American Anti-Slavery Tract: 1853 [public domain / Wikimedia Commons]
Bernard Davis is a Facebook friend of mine from Birmingham (UK), who always makes challenging and interesting comments: usually about political and ethical matters (he is very informed about US politics). We almost always disagree, but he is unfailingly polite and congenial (which I greatly respect). His political description on his Facebook profile is: “G.K.Chesterton Liberal, Communitarian, Civilization of Life”. This was an exchange on my Facebook page. I had posted a meme that stated: “Democrats haven’t been this upset since Republicans took away their slaves.” His words will be in blue.
Dave, are your recent posts really in the spirit of this article that you posted on 15th November which talked about not putting people in boxes and being a unifier?
I can seek that, while at the same time I won’t be muzzled if I see something that addresses a current issue or the secularism that is the enemy of Christianity in a challenging way.
The article is clearly addressing the unity of the whole of the USA. This present post of yours about Democrats haven’t been this upset……. It is not in the service of standing up for any specific current issue, it is just having a go at Democrats for being upset. How is that helping?
It’s a valid point. They are currently attempting to tar us as racists again (for the billionth time). That’s the issue. Thus it is appropriate to remind them of a bit of history. I think truth ultimately is a good thing. It may ruffle a few feathers, short-term. I’m a truth-teller.
Would it not be more appropriate to make that point in a different way?
Peacemakers and truth-tellers can exist simultaneously. In fact, Jesus was both, and He was one Person. So you be the peacemaker and I’ll be the truth-teller.
But what truth about the present are you telling here. Would not a post showing how Republicans are not racist have been more appropriate?
That would be good, too, though it never shuts up Democrats when they get on their high horse of supposed vast superiority to us in racial matters. I saw this, liked it a lot, and posted it. It’s as simple as that. You don’t like it, because it is a pointed, true observation about the liberals that you appear to politically favor.
Well, can we talk sensibly and factually. One issue that is going to come up in the next year is if Trump and Bannon make common cause with the European Far Right, like France’s Front Nationale. Where will you stand on that?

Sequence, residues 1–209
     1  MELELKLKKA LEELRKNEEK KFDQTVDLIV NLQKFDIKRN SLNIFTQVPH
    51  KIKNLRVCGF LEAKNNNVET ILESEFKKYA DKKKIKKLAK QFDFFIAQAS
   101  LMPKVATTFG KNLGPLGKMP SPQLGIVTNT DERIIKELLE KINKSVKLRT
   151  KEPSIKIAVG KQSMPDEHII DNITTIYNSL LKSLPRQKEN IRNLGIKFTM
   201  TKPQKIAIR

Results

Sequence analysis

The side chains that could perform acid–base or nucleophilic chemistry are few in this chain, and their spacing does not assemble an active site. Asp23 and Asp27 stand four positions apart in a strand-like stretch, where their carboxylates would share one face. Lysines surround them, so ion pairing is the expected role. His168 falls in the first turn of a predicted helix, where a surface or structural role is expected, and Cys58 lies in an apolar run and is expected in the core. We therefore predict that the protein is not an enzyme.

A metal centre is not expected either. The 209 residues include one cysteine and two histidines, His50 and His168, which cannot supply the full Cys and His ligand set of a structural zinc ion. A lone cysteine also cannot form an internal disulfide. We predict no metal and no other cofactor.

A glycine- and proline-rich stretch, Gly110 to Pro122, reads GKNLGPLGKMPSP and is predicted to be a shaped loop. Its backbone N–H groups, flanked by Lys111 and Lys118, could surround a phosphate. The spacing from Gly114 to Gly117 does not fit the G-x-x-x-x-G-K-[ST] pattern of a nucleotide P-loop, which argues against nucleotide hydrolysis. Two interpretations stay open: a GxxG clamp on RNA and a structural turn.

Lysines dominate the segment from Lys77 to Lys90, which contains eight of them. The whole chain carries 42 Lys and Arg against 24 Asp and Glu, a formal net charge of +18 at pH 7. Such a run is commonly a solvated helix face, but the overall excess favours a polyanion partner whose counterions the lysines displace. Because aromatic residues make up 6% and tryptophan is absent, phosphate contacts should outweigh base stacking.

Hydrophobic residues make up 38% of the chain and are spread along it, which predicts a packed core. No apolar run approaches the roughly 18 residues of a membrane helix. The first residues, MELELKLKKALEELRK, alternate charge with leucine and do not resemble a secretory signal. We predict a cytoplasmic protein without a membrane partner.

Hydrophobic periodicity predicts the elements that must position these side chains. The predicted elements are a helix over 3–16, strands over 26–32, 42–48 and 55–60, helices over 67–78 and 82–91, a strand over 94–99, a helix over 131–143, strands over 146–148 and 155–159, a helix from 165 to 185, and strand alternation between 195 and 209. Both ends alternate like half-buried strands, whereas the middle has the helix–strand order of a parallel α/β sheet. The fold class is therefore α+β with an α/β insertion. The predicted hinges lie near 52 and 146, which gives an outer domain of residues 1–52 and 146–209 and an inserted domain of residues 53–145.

I don’t know enough about the particulars. I’ve never studied those parties. I know a little about the connection to Brexit. But I’ve written enough about Bannon: all to no avail for those who despise Trump as Vlad the Impaler and now Bannon (rapidly becoming Liberal Public Enemy #1) as Satan Incarnate. For those who can actually see a few good things about Trump here and there, my fact-filled article would have had much more impact.
I should add, too, that when I was saying before the election that I would be promoting unity within the party and with Democrats, that presupposed that the election results would be accepted. But of course what happened was that we had a week of rioting and ridiculous “cry-ins” and “diaper-ins” on college campuses. Then we had the usual race card brought out (x 100), and applied to Steve Bannon.
You think I can sit through that and not utter a peep, for the sake of unity? That kind of nonsense is so opposed to unity, that I must speak out against it, for the sake of unity. It’s all of a piece. I’m being perfectly consistent. I promote unity and I vociferously condemn those actions and words that are most destructive of that same unity: just as St. Paul did in the Bible: in terms of the Church (whereas my comments are more to do with society and the political sphere).
Meta Description: Good short exchange about societal unity: post-election and how some folks care little about it and need to be critiqued a bit.
Meta Keywords: racism, bigotry, prejudice, Bernard Davis, liberals & race, conservatives & race, discrimination, slavery, Lincoln, abolition, KKK, white supremacists, Steve Bannon, Donald Trump, President-elect Trump, President Trump, race relations, African-Americans, race card